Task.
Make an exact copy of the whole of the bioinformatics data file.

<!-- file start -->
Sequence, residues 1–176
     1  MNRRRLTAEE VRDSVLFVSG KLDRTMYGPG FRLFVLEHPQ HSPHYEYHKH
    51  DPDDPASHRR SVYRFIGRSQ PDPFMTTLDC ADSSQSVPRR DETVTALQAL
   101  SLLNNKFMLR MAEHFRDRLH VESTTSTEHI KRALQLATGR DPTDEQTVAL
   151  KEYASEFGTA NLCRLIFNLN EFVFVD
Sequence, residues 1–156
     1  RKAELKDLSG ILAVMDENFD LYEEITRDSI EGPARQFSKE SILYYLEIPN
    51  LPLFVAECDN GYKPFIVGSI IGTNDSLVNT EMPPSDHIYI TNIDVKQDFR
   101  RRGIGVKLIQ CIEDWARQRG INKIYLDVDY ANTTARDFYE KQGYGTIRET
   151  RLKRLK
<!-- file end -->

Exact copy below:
Sequence, residues 1–176
     1  MNRRRLTAEE VRDSVLFVSG KLDRTMYGPG FRLFVLEHPQ HSPHYEYHKH
    51  DPDDPASHRR SVYRFIGRSQ PDPFMTTLDC ADSSQSVPRR DETVTALQAL
   101  SLLNNKFMLR MAEHFRDRLH VESTTSTEHI KRALQLATGR DPTDEQTVAL
   151  KEYASEFGTA NLCRLIFNLN EFVFVD
Sequence, residues 1–156
     1  RKAELKDLSG ILAVMDENFD LYEEITRDSI EGPARQFSKE SILYYLEIPN
    51  LPLFVAECDN GYKPFIVGSI IGTNDSLVNT EMPPSDHIYI TNIDVKQDFR
   101  RRGIGVKLIQ CIEDWARQRG INKIYLDVDY ANTTARDFYE KQGYGTIRET
   151  RLKRLK